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An In-Depth Look at the Time Randy Johnson Hit a Bird

There are some crazy things that have happened in baseball, but nothing compares to one of the most bizarre no-pitch calls in all of MLB History, where a pitcher hit a bird with one of his pitches. Sounds too strange to be true, but it was a play that thousands of fans got to witness on that day. To kick things off with this story, let’s start off with answering the question of what pitcher hit a bird.

Pitcher Randy Johnson, also known as the “Big Unit”, hit a bird with a pitch during a spring training game on March 24, 2001. The play occurred in the seventh inning when Randy Johnson threw a fastball, but accidentally hit a dove that was flying by.

A dove resting on a rounded wood board
Randy Johnson hit a dove with a fastball during a spring training game on March 24, 2001

The play was ultimately ruled as a “no-pitch”, meaning the pitch was neither called a ball nor a strike, but let’s take a closer look at everything you ever wanted to know about the time Randy Johnson hit a bird.

The Play When Randy Johnson Hit a Bird

Over the years, people have had many questions around the play where the dove got hit by a pitch. Before we jump into those questions, let’s take a moment to watch the actual play.

Breaking Down the Play

It was a beautiful, sunny day at Tucson Electric Park in Tucson, Arizona. The date was Saturday, March 24, 2001, and the Arizona Diamondbacks were playing the San Francisco Giants in one of Randy Johnson’s final outings of that year’s Spring Training.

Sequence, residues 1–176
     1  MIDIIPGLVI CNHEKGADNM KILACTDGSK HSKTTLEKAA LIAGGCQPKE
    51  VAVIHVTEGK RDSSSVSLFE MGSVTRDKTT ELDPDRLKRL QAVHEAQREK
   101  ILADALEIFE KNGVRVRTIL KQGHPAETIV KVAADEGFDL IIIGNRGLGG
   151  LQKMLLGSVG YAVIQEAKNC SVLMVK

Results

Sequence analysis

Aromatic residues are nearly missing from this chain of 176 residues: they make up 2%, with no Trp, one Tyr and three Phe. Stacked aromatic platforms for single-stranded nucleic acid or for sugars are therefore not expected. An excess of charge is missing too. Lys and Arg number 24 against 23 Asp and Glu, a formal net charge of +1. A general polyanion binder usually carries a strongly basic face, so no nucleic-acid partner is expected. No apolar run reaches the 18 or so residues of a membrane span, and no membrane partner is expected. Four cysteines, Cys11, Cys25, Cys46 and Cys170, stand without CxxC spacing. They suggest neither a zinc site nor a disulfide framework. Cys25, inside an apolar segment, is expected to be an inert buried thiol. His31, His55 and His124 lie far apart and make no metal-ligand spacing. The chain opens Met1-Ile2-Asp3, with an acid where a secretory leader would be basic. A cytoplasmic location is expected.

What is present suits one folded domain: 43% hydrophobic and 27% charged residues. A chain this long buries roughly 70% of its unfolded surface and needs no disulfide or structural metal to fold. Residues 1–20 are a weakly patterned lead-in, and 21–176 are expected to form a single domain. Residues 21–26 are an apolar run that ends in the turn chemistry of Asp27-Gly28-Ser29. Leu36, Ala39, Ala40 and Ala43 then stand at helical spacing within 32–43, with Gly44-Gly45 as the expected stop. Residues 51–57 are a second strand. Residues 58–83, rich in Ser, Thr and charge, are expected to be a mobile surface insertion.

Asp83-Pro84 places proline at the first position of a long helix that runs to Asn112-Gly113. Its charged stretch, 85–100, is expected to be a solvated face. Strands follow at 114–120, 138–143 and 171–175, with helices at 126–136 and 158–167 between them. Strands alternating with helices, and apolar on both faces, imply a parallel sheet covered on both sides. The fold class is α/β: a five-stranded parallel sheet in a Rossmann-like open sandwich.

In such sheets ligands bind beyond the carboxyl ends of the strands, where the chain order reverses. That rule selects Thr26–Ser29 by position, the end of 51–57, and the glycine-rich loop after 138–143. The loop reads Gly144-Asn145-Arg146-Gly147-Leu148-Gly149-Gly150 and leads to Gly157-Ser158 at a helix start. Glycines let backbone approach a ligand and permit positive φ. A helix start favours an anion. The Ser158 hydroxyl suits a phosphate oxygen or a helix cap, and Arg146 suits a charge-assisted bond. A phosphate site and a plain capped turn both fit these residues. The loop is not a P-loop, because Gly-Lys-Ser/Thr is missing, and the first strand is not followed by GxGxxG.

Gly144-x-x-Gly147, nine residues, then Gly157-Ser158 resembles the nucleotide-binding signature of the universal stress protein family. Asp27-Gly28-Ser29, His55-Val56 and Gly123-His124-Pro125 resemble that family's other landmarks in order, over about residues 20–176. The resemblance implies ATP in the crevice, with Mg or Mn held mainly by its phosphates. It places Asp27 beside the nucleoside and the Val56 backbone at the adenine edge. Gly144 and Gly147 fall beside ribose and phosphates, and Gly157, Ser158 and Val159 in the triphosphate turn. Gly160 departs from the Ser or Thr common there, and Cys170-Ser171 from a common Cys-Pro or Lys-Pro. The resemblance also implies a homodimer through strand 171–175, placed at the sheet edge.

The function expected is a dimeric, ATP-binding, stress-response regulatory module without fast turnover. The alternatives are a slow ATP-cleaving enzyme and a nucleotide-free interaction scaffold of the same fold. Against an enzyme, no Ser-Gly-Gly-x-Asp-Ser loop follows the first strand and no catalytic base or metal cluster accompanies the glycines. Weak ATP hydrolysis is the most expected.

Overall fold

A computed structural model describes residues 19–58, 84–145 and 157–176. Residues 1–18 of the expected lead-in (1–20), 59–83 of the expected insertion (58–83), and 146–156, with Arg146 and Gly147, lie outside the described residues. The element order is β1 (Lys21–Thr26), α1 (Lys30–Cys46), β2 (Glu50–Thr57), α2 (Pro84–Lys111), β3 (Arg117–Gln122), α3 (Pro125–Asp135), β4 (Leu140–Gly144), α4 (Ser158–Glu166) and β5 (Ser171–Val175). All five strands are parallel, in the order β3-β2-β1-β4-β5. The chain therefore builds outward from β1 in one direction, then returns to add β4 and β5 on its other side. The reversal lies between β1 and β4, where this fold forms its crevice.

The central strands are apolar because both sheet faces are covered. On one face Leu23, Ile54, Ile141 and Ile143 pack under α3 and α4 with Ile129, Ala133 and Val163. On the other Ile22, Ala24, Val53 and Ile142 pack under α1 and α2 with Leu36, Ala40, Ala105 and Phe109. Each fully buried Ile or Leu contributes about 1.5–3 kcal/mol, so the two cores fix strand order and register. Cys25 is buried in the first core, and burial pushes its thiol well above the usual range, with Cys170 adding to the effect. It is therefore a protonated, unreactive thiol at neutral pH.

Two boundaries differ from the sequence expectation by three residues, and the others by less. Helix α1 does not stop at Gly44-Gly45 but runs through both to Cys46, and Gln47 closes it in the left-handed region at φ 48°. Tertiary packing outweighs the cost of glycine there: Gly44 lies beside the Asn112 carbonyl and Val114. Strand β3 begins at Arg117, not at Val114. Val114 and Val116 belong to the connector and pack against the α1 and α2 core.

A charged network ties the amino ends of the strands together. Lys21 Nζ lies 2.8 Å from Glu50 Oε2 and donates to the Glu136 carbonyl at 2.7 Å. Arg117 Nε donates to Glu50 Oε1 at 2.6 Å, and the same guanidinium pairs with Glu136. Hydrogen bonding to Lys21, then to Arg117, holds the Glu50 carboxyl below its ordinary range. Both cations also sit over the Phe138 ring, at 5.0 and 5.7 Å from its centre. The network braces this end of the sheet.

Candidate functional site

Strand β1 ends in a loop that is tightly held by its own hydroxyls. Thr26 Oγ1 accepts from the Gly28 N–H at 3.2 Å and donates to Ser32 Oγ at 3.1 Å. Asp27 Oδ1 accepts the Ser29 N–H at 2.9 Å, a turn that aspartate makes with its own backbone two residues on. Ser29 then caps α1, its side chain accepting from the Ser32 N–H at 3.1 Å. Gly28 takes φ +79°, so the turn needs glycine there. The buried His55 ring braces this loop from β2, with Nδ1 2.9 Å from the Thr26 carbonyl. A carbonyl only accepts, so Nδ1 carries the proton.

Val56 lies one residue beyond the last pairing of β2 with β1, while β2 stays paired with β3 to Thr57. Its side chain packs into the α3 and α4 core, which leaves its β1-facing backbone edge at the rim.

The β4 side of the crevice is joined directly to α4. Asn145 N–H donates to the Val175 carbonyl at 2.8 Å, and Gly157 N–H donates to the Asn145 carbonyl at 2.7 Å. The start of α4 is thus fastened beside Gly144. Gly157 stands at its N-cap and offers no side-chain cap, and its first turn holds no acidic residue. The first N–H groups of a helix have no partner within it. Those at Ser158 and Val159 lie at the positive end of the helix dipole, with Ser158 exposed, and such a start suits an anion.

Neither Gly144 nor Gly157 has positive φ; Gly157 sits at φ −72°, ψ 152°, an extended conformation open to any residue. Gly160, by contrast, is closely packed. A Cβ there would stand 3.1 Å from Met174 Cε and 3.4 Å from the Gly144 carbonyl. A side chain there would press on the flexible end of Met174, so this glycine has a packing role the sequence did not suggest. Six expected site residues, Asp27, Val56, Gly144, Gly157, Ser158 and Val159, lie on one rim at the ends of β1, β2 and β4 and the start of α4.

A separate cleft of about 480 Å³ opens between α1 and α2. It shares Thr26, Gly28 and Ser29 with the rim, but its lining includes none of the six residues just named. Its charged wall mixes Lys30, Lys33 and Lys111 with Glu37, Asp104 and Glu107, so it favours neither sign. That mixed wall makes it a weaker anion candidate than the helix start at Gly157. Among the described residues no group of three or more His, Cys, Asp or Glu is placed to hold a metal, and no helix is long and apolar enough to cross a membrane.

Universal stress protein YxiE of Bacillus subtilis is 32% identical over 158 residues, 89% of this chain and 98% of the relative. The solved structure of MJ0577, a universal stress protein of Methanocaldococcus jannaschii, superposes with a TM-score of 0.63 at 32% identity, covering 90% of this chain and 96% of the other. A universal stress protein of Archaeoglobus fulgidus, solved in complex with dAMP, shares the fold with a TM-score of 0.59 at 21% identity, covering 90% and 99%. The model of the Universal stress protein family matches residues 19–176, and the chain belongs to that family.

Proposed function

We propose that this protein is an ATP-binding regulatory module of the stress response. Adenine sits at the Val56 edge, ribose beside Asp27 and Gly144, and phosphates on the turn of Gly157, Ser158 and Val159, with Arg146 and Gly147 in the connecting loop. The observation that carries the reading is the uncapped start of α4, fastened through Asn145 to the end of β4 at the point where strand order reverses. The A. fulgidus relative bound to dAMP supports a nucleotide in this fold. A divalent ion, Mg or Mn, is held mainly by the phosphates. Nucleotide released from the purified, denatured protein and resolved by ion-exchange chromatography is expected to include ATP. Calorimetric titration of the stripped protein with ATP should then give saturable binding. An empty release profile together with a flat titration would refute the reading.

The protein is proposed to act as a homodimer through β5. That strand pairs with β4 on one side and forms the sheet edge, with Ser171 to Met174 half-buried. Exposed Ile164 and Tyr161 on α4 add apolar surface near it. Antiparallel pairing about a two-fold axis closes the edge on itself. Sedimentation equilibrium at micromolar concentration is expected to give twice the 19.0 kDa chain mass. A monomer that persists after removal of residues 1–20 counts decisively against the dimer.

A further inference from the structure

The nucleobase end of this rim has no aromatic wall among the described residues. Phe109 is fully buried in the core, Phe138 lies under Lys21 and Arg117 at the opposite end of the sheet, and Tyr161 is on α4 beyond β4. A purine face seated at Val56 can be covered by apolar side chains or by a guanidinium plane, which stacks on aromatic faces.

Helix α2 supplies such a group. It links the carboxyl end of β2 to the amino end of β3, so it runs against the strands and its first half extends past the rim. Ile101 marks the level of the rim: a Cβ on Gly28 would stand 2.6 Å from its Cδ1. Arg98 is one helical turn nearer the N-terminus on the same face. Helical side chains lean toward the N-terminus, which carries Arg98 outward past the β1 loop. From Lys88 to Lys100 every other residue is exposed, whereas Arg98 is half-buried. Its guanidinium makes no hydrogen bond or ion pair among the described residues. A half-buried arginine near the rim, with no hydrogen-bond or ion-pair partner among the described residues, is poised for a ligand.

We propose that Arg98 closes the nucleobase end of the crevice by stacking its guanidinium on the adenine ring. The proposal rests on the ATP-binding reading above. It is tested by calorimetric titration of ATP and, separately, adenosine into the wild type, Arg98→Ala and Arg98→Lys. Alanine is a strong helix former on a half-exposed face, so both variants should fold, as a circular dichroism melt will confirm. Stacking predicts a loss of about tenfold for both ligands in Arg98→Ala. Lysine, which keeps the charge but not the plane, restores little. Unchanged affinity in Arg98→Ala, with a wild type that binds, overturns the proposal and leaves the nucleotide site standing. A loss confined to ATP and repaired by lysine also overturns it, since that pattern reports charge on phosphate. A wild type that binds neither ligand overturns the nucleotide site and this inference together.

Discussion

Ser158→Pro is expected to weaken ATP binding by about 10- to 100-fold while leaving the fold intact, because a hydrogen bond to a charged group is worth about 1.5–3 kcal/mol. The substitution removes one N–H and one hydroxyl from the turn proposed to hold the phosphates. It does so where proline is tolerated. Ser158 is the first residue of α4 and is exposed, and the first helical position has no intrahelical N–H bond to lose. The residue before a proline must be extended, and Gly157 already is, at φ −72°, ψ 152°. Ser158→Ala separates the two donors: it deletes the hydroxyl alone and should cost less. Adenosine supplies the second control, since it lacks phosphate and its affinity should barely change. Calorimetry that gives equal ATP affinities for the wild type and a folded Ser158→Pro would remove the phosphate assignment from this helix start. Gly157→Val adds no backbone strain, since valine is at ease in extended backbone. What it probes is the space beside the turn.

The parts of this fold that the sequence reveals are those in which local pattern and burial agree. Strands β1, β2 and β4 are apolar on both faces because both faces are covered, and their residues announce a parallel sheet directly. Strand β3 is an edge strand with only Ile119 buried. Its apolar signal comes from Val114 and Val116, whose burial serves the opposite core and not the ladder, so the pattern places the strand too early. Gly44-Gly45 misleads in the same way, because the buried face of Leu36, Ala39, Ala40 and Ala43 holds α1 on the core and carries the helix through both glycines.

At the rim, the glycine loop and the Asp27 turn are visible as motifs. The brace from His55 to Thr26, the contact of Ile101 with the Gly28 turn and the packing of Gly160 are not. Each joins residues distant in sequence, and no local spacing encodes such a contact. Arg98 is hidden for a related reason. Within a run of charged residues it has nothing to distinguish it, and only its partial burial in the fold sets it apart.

The game was in the seventh inning, Randy Johnson was on the mound for the Diamondbacks, and Calvin Murray was up to bat for the Giants.

In one of the most bizarre plays in MLB history, Randy Johnson geared back to throw a fastball, but the fastball never made it to the plate. Instead, the fastball made it about three-quarters of the way to the plate before it collided with a bird, killing it instantly.

As you can see from the video above, when the ball made contact with the bird a cloud of feathers appeared, startling everyone involved. Very quickly, both players and fans caught on to what they had just witnessed – Randy Johnson had just hit a bird with a pitch.

Catcher Rod Barajas was quoted as saying “I’m sitting there waiting for it, and I’m expecting to catch the thing, and all you see is an explosion” (source: ESPN).

After the play was over, Jeff Kent picked up the bird with his bare hands and walked it off the field. If you visit the article from nydailynews.com, you’ll see a photo of Jeff Kent holding the bird with his bare hands as he is jokingly pointing the dove in Randy Johnson’s direction.

Randy Johnson was quoted as saying “I didn’t think it was all that funny”, referring to Jeff Kent’s sense of humor.

Afterward, a groundskeeper came in to clean up the left-over feathers and the game resumed, with the Diamondbacks winning that game 10-6 and Randy Johnson striking out eight batters.

Umpire Ruled the Play “No Pitch”